Monday, March 31, 2014

I'm not even sure I have a word for this emotion.

There are plenty of riveting, painful moments in this week's Good Wife episode “The Last Call”—almost too many to count—and I wish I could talk about all of them. Despite having one strong A-plot and two clear subplots, one for each of the women most affected by Will’s death, it was largely an episode of moments. Narrative stepped aside in favor of raw emotion and microscopic detail. I don’t mean this as a bad thing. It’s more or less what Buffy the Vampire Slayer did in “The Body” (there’s a comparison everyone and their mother’s made), and it works. If you want to realistically portray the immediate aftermath of an unexpected loss, well, that’s just about the only way to do it, and The Good Wife does it well. Incredibly well.

It does mean, though, that it’s difficult to talk about everything that went into making the episode good, because more than narrative, more than A-plots and B-plots and arcs and resolutions, the episode relies on each and every individual moment being realistically written, heartbreakingly acted, and intensely personal. Every scene has to give us a slightly different but no less real perspective on the central tragedy than the one that came before; a single false note can throw us out of the episode. (For some people, that false note was the conversation Alicia had with her daughter about God. I loved that scene, personally, but the reasons why would probably constitute a blog post all their own, or, if I were going to be really clear about it, a memoir. For some people, the false note was Kalinda, and well, as with all things Kalinda, that's also its own post.)

Instead, I’d like to focus on one particular moment, out of the many. I’m not sure I’d call it the best moment, though it’s certainly a contender, but I do think it’s the most interesting one. It’s about a minute into the episode: Alicia, who was about to introduce Peter at a correspondents’ luncheon when Eli gave her the news of Will’s death, leaves, and Eli must take her place introducing Peter. Unfortunately, he’s still reading off a teleprompter of Alicia’s speech, which is full of references to Alicia’s dress, her children, her marriage to Peter, etc. Eli is shaken, and can’t quite figure out how to stop reading from the teleprompter.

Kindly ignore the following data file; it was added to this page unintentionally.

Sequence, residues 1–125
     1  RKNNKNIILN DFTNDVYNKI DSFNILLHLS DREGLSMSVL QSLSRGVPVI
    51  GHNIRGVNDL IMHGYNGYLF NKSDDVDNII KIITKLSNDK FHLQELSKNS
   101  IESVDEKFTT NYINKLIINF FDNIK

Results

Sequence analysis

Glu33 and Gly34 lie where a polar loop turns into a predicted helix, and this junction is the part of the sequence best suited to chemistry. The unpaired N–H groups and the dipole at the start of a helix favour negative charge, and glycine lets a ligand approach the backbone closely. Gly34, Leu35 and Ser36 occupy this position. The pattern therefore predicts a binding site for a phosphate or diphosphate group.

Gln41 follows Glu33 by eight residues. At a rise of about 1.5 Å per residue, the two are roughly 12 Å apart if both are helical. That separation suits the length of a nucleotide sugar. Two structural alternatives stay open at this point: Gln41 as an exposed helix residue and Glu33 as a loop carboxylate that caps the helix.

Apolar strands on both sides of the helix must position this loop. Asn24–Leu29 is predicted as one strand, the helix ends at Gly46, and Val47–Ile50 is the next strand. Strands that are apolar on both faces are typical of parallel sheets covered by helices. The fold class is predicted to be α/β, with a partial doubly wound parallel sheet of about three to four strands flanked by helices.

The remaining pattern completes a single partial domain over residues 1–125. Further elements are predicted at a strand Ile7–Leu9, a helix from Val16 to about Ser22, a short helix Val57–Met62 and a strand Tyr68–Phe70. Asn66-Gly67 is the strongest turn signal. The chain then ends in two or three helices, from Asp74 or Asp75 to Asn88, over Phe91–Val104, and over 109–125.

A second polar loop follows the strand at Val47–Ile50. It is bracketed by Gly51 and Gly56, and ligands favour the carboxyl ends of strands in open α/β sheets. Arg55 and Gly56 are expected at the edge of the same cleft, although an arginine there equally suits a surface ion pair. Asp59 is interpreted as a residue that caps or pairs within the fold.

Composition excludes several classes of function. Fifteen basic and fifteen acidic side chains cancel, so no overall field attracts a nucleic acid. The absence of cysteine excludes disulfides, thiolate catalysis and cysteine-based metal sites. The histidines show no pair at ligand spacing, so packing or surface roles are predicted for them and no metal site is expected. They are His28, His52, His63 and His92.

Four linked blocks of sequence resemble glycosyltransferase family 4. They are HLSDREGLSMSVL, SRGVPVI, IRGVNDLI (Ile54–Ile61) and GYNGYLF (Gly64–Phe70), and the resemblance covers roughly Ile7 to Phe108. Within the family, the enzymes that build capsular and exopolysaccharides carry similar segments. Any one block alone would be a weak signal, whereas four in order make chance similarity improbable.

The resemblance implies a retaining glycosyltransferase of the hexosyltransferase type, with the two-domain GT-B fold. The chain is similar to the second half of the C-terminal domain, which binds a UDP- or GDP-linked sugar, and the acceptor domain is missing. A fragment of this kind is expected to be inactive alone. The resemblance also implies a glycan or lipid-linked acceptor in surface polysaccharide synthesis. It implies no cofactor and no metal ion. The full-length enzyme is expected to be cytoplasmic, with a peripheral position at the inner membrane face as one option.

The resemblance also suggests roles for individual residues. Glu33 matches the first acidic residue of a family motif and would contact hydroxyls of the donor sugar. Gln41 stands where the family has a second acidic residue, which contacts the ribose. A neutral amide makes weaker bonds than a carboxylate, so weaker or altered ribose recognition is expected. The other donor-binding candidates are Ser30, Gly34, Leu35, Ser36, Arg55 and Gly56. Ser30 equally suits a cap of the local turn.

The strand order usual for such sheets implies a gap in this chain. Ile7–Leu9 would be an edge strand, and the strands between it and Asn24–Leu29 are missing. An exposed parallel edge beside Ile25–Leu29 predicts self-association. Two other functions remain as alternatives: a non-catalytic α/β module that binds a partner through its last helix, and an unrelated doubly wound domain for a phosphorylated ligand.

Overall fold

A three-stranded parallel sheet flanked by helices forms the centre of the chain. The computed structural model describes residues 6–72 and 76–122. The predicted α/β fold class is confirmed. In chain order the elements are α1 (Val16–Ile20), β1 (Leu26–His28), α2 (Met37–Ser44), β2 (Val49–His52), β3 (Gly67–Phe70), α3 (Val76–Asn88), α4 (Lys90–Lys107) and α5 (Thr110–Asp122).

I have never reacted to anything I’ve seen or read, ever, the way I reacted to that scene. It was an entirely novel experience for me. I started laughing and crying simultaneously, the two feeding off each other. It was funnier because it was so painful; it hurt deeper because it was so funny. It wasn’t cathartic, the way joking about a personal tragedy can be, nor did it have the sting and edge of dark humor. It didn’t break the tension, and I didn’t come out of it feeling any better. It was just—this joke, this perfectly normal joke that could conceivably be worked into any episode of The Good Wife, but it was here, instead, and somehow it was massively funny without breaking the tone of the episode, and without providing a single moment’s pause in my grief as a viewer. It’s not the moment in the episode I relate to most personally—those moments all belong to Alicia—but later, when the episode was over and I was talking to my sister, it was talking about that moment that made me cry, really cry, over what I’d just watched.

Quite simply, it was the most Good Wife thing The Good Wife has ever done. There’s not another show on television, now or in history, that could’ve pulled it off. Buffy couldn’t have pulled it off. Not because Buffy didn’t have the skill, although it took enormous skill to make the moment work, but because it’s just not what Buffy is. It was a triumph of tone, five years in the making. And if I still had any doubt, it’s proved to me once and for all that The Good Wife is the best it’s ever been—and that The Good Wife’s best is among the best television has to offer.

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